Plain mayonnaise is a tricky thing to review. As a sandwich spread, it must have enough character to warrant an invite to the party, but not so much that it dominates every conversation in the room. No one is eating plain mayo on a spoon (at least, I hope not.) So to say that this creamy condiment is a great addition to other dishes, but doesn’t have much to say by itself, is a compliment by my estimation. Fairly neutral and mild in flavor, I’m happy to report that the Original Fabanaise nowhere near as sweet as something like Miracle Whip, while still retaining a well-rounded profile. My gold metal for mayo still goes to Vegenaise, but this is a very close second finisher.

Where Sir Kensington’s really excels is in their Chipotle Fabanaise. I simply couldn’t get enough of this creamy orange condiment, flecked with red and black pepper, sparkling with spices in every smear. Despite that threatening appearance, it delivers a more subtle warmth, rather than outright heat. Call it mild in terms of sheer scoville units, but the rich, smoky flavor infused throughout ensures that every bite will be boldly seasoned. Slathered on lightly charred corn on the cob, I couldn’t get enough, hitting the bottom of the glass jar before the grill could even cool down.

Consider Fabanaise another big win for one tiny bean. As if you need another excuse to enrich your own pantry, the aquafaba employed by Sir Kensington’s is diverted from an upstate New York hummus company, so your purchase helps reduce food waste, too. Sounds (and tastes) like a win-win-win situation to me.

Nog, Nog Everywhere…

…But far too much to drink! Delightful as it is to open up the fridge and see a fully stocked shelf of nothing but vegan nog, it’s simply too much for one person to polish off alone, obsessed with the seasonal beverage or not. After a couple of egg-nog-creams (Inspired by the traditional egg cream: Equal parts nog and seltzer water, plus a splash of vanilla) and then numerous ginger-nog milkshakes (Plop 2 scoops of vanilla ice cream into a blender, pour in nog to cover, add ground ginger to taste and blend. Add an extra flourish of whipped coconut creme and finely chopped crystallized ginger on top if desired), I’ve hardly begun to make a dent in that stockpile. Time to get serious and turn on the oven.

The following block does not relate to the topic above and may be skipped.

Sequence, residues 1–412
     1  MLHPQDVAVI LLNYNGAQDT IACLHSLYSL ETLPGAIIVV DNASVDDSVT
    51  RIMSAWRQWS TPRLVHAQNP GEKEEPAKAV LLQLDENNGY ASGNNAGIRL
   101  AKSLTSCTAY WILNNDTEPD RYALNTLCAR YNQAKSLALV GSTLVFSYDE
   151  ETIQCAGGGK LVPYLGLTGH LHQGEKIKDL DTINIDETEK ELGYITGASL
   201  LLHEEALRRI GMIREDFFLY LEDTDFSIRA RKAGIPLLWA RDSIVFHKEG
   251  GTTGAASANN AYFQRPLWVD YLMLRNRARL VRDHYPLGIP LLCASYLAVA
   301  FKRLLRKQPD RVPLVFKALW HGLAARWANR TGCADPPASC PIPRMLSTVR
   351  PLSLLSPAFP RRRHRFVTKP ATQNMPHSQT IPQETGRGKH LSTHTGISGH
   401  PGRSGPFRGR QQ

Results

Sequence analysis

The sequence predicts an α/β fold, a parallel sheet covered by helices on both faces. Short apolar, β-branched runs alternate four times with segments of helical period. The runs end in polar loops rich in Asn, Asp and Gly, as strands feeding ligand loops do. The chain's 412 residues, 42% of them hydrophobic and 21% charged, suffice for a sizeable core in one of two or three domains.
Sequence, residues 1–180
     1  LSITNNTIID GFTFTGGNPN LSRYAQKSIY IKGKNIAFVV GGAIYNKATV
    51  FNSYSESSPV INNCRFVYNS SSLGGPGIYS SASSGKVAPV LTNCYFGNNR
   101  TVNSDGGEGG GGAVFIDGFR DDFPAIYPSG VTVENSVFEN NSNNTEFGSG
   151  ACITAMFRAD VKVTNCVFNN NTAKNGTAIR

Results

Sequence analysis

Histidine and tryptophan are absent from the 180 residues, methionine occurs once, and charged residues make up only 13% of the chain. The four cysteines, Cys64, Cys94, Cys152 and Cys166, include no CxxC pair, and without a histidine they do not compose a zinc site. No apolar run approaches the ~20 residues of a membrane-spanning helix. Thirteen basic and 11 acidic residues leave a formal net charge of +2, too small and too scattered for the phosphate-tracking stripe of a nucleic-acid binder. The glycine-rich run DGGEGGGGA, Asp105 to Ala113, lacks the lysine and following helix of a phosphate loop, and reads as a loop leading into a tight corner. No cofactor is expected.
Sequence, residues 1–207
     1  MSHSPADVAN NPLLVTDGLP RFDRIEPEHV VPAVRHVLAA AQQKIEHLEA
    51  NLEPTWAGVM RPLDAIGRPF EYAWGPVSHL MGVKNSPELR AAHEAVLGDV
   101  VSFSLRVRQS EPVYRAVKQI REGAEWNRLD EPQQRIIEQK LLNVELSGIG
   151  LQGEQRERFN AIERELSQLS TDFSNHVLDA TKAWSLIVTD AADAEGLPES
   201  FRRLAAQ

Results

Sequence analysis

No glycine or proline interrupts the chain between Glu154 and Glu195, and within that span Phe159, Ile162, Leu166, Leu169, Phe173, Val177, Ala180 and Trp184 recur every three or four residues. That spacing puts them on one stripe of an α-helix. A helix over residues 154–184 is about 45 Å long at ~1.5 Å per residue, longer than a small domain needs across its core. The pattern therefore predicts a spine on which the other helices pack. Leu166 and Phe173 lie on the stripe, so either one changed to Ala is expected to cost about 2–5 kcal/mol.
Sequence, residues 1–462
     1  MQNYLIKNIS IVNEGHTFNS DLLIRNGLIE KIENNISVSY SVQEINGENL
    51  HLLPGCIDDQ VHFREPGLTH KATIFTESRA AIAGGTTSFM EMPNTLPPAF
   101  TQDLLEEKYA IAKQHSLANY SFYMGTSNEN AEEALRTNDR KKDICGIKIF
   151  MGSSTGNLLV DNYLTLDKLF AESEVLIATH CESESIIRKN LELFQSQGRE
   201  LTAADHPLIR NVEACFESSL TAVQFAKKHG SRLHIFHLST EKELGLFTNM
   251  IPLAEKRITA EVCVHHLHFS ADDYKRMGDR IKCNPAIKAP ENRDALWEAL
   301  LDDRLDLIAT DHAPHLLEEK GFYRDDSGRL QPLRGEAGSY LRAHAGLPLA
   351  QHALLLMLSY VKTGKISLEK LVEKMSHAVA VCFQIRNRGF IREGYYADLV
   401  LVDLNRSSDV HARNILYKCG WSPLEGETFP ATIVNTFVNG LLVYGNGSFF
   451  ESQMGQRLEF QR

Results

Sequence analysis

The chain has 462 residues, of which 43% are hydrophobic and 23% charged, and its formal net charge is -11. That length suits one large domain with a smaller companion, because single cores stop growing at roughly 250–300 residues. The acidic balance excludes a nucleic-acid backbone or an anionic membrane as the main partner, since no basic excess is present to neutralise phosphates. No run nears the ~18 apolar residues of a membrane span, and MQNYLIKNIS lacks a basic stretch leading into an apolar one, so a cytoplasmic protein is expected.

Lightly sweetened breakfast biscuits with an extra measure of holiday cheer, scones are not only an excellent way of using up some extra nog, but are also ideal for harried bakers who must soon accommodate hungry family members for Christmas breakfasts and brunches. A fine sprinkling of turbinado sugar seals the deal, providing that lightly crunchy but readily yielding crunch, adding addictive textural contrast to the whole affair. Feel free to swap out the walnuts for any other nut or even chocolate chips if that strikes your fancy, but whatever you, don’t even dream of skipping that sweet final touch.

Managing so much of this limited edition treat at once, it was inevitable that I would start serving up nog for breakfast. Happily, these scones are considerably more elegant and dignified than the alternative- A generous splash of nog over cold cereal!

Holiday Nog Scones

1 1/2 Cups All-Purpose Flour
1 Cup Whole Wheat Pastry Flour
1/2 Cup Granulated Sugar
2 Teaspoons Baking Powder
3/4 Teaspoon Baking Soda
1/2 Teaspoon Salt
1/4 Teaspoon Ground Cinnamon
1/4 Teaspoon Ground Nutmeg
5 Tablespoons Non-Dairy Margarine, Chilled
3/4 Cup Toasted and Chopped Walnuts
2/3 Cup + 2 – 3 Tablespoons Vegan Nog
1/2 Teaspoon Vanilla Extract

4 Teaspoons Turbinado Sugar

Preheat your oven to 375 degrees and line a baking sheet with either parchment paper or a silpat.

Mix both flours, sugar, baking powder and soda, salt, and spices together in a large bowl until thoroughly blended. Cut the margarine into tablespoon-sized pieces before dropping them into the dry goods. Using a pastry cutter or two forks, cut in the margarine until you have coarse crumbs with chunks of margarine no larger than the size of a lentil. Toss in the walnuts, and pour in 2/3 cup plus 2 tablespoons of the nog along with the vanilla. Switch over to a spatula to mix the dough, drizzling in additional nog as needed if the batter is on the dry side. You should end up a slightly sticky dough but cooperative dough.

Measure out around 1/3 – 1/2 cup of batter for each scone, and use lightly moistened hands to shape them into even rounds. You should end up with 8 equal scones. Sprinkle each with 1/2 teaspoon of turbinado sugar.

Bake for 14 – 16 minutes, until golden brown all over. Serve warm or cool on a wire rack for later. Place in an air-tight container or wrap tightly in plastic and store in the fridge for up to 3 days.

Makes 8 Scones